The African Success Story What Next By Arun Panchariya-ca1290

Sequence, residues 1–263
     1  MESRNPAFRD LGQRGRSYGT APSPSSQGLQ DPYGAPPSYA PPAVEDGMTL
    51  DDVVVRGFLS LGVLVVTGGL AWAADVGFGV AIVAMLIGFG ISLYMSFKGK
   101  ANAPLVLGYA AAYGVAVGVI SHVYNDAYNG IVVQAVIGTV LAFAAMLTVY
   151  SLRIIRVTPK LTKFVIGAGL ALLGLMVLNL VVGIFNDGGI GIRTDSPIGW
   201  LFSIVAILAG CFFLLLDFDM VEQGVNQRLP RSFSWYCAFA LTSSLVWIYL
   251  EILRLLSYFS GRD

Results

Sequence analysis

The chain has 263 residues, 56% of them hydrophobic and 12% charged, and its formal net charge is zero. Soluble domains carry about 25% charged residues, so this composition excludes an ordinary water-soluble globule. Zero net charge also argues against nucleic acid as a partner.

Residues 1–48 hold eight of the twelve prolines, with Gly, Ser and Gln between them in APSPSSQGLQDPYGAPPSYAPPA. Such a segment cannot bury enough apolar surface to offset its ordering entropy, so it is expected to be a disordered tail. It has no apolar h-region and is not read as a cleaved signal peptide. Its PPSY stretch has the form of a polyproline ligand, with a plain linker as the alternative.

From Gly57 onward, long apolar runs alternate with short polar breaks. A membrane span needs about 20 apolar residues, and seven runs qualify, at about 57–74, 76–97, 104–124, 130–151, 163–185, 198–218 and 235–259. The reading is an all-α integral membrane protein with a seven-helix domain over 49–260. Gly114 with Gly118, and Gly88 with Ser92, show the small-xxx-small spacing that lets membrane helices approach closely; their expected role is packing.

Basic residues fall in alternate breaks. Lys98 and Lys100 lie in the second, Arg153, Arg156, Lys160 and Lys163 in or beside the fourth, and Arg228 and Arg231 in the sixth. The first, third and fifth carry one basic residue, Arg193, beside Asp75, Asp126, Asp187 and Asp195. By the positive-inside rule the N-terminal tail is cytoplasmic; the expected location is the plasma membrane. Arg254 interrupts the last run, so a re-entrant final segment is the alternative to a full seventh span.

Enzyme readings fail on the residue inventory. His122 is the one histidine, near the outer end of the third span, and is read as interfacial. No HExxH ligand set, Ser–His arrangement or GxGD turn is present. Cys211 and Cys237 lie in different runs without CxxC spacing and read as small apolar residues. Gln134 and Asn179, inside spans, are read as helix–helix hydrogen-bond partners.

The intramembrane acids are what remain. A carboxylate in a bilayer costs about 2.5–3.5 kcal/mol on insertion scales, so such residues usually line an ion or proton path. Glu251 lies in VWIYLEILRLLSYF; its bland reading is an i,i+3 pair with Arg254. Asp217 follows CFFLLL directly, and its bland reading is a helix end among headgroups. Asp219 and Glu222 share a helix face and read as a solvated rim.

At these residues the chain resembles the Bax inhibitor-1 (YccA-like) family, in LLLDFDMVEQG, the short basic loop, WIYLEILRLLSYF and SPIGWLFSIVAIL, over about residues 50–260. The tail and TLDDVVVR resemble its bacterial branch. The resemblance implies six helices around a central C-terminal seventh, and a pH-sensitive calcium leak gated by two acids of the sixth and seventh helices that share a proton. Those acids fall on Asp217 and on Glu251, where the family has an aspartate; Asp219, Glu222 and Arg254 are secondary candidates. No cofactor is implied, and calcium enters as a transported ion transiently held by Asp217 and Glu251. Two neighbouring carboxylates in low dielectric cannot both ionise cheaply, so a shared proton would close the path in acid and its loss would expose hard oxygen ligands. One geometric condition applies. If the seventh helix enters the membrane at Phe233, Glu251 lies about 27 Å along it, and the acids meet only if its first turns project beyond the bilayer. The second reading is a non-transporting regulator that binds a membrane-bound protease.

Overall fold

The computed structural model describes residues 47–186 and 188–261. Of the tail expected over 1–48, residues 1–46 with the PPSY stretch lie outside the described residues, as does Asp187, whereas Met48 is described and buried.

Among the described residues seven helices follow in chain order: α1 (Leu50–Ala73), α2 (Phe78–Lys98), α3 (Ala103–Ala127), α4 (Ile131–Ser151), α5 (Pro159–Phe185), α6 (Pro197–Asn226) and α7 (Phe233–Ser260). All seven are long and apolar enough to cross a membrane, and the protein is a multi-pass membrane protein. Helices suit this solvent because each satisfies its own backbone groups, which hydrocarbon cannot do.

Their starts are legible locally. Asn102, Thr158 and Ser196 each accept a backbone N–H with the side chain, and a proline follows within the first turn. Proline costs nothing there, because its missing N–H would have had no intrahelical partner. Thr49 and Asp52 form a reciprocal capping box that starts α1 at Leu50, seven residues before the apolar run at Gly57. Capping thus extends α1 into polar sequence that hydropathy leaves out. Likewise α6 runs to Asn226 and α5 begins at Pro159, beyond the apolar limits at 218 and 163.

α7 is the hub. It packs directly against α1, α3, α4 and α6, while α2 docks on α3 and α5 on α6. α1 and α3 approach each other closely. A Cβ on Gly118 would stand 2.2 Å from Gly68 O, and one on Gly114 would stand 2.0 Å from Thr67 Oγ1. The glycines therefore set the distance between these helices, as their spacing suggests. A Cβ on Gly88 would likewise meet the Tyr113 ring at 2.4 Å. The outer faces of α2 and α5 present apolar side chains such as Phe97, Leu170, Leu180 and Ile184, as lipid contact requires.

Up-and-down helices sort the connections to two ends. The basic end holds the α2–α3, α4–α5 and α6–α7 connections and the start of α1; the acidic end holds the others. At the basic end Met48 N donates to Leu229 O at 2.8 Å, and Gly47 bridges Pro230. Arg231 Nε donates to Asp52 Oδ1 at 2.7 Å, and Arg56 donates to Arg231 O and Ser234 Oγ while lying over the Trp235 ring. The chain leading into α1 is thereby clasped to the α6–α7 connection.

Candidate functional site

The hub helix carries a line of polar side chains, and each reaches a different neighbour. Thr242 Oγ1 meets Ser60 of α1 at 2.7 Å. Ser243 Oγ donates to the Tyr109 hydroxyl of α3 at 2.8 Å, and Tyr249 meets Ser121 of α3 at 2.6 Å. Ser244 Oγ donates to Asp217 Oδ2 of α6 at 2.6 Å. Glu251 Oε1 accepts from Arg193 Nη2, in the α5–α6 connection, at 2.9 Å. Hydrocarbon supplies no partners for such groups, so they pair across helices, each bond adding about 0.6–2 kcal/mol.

Finance Africa South of Saharas GDP grew with 4.9 % last year. The World Bank estimates a stronger growth this year of 5.2 %. Many of the countries that experience the strongest growth have benefitted much from the natural resource boom, but some countries like Rwanda and Ethiopia have managed a good growth without much help from such resources. Also the first time the number of people below the UNs poverty line has been falling. Africa is now in a unique position to take further steps to increase its growth even further and also make it more resilient to external shocks. The focus should be to enable the new generations of well educated people with a strong drive and a lot of .petence to create and develop new and old businesses. The most important is to avoid hindering them in their pursuit of their ideas. Many governments seem to understand the importance of creating policies to take care of these opportunities. The politicians do not need to decide what these people shall do or decide in which areas businesses should be started or how businesses should be run. What the governments need is to provide the conditions such as rule of law, reasonable predictability in policy matters, social services, education and infrastructure. In other words if the governments continues to work on creating the framework the people themselves will be able to create the growth and run their businesses. In a continent with a few very populous countries, but with many mid-sized and small countries it is extremely important not just to focus on these issues on a national level, but also on a regional level. For example, a pan African stock exchange as I previously have suggested would be an important element in the financial infrastructure. Further the development of the aviation industry including an African hub for travel westwards to the Americas. Even more important is the inter-African transport systems that is improving, but should be improved even quicker than today. Some of the improvements especially in building of new roads, railways and other physical infrastructure are very capital and resource intensive. Even the most ambitious has to accept that the development has to take some time. Other important steps, however, do not cost much if anything, but demand political will and ability to sell the importance to the people. For example the fact that Kenya last year established a . service where public laws and regulations are made public in a good and reasonably pedagogic way is perhaps a small, but not an insignificant step to create a platform to enhance the rule of law. Rivalry between African states on who can quickest and best introduce such reforms and project are only good. But sometimes rivalry can hurt everybody. Rivalry should not include building trade barriers or making it difficult to move between countries. Quite the opposite, to reduce regulations to make it easier and less costly to trade and move people between the African countries is essential to take full advantage of Africas potential. Africa is already a success story in many ways, but success put more obligations on the governments. Most of them have shown that it is possible to create a success. Why shouldnt it now be within reach to create in Africa something like the Japanese miracle a generation ago or the Chinese miracle of today? I think that is within reach. Mr. Arun Panchariya is specialising in cross border transactions globally and is currently involved in a number of project related to Africa About the Author: 相关的主题文章: